The Porsche 911 Syberia RS: When a Hummer Is Too Slow
As air-cooled Porsche 911s have risen in popularity—and price—so too have alternative takes on the typical hyper-restored build. One of these is the Safari 911, which sees the German sports car turn into a genuine rally replica. The trend is now so popular, well-known Porsche tuners are starting to get involved. And the Safari idea has even spread to other cars, like the Mazda Miata. The Porsche 911 Syberia RS, though, goes a little bit further than some other Safari builds.
Porsche 911 Syberia RS build background
Truth be told, a lifted 911 isn’t exactly a Hummer H1 when it comes to off-roading and rock-crawling. However, an H1 in un-restored form is crude and fairly slow. That was the main problem, Autoblog reports, German car enthusiast Kai Burkhard had with the military-based SUV.
But, if a Porsche 911 doesn’t have the same ground clearance as a Hummer, it does still have an impressive off-pavement history. Before the all-wheel-drive 959 supercar debuted, 911s competed in multiple rallies. In fact, the 959’s AWD system was tested in a 911 rally car, the 1984 953, Hagerty reports. Said car, incidentally, would win that year’s Paris-Dakar outright. Thus, knowing about Safari 911s and the car’s rally history, Burkhard chose a 1986 911 as the base for his off-road build.
But, the 911 isn’t the only Porsche with rally experience. When the Cayenne SUV first debuted, the automaker proved its off-road chops by sending it on the 4,400-mile Transsyberia Rally. Across Russia and the Mongolian steppes, a Cayenne won the 2007 race. And in 2008, the top 6 finishers were all Porsche Cayennes.
That ‘Syberia’ in ‘Transsyberia’ is what gives Burkhard’s Porsche 911 Syberia RS its name.
Specs and features
To build the Porsche 911 Syberia RS, Burkhard worked with the Tailor-Made one-off department of German suspension company H&R. It’s not known, Auto Classics reports if the modifications included engine tuning. However, the rest of the 1986 911 was extensively modified.
The wheel wells were cut and fender flares added to fit Hankook DynaPro Mud Terrain tires, which were originally designed for trucks. The 911 also received a roof rack, 2 hood-mounted rally lights, a new bumper with integrated winch and tow hooks, as well as a new rear spoiler and custom central-exist exhaust. Inside are Recaro sport seats, a roll cage, Momo steering wheel, as well as numerous bits of Alcantara.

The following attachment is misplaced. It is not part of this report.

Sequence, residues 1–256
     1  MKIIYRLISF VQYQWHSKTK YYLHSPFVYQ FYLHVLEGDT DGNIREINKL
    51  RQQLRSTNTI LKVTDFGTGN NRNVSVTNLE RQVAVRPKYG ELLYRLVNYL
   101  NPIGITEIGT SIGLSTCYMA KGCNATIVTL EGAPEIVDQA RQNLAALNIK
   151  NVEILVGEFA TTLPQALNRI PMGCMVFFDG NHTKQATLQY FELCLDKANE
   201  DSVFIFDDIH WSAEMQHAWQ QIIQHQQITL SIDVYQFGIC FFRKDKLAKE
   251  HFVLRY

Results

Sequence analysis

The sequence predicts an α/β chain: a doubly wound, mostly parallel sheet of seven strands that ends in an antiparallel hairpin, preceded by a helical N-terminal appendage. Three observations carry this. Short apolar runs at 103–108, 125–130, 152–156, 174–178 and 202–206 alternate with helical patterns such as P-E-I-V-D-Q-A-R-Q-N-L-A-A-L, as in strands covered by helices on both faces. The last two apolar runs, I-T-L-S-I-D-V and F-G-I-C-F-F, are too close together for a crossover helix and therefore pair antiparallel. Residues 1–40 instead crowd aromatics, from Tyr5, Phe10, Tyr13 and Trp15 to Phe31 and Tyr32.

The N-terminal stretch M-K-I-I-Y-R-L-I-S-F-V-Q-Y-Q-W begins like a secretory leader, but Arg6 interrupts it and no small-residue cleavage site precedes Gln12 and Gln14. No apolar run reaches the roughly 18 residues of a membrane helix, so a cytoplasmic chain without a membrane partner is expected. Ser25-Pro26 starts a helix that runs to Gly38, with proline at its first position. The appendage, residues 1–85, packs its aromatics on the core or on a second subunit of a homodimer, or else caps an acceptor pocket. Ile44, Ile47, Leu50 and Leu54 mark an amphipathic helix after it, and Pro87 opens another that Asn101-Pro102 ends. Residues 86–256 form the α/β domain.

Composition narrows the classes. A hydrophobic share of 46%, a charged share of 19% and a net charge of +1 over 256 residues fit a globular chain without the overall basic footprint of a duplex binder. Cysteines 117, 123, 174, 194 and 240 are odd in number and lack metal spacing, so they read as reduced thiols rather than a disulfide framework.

But the most extensive modifications, naturally, are underneath. The Porsche 911 Syberia RS got short-ratio gears, and a limited-slip differential. H&R completely redid the suspension, which included re-locating the suspension mounts. The 911 now rides on a custom fully-adjustable coil-over setup, with the chassis reinforced to handle high-speed jumps. Auto Classics reports the H&R mods have been so well-received, the company’s getting requests from other 911 owners to install similar parts.
Syberia RS vs. other Safari Porsche 911 builds
Burkhard’s Porsche 911 Syberia RS, at least for the time being, is just a one-off. Other companies, though, can build you a Safari 911.
Arguably the one that started the trend was The Keen Project’s Leh Keen. The Smoking Tire’s Matt Farrah owns one of Keen’s Safari builds. Like the Syberia, Keen’s builds are purely rear-wheel drive.
German tuner RUF has recently unveiled a Safari-style concept called the Rodeo. However, while it looks like a 911, it’s actually built on RUF’s own carbon-fiber chassis. Unlike Burkhard’s or Keen’s, it has AWD. But, at the moment, it’s just a concept.
Former Singer fabricator T.J. Russell has also started building Safari Porsche 911s. Russell’s builds, though, are expressly designed for racing. To start, instead of just a roll cage, the Russell Built Fabrications car gets reinforced throughout by a custom tube frame. And The Drive reports Russell does modify the stock engine.
Now we just need to see if any owners decide to send their Safari 911s to the actual Paris-Dakar.
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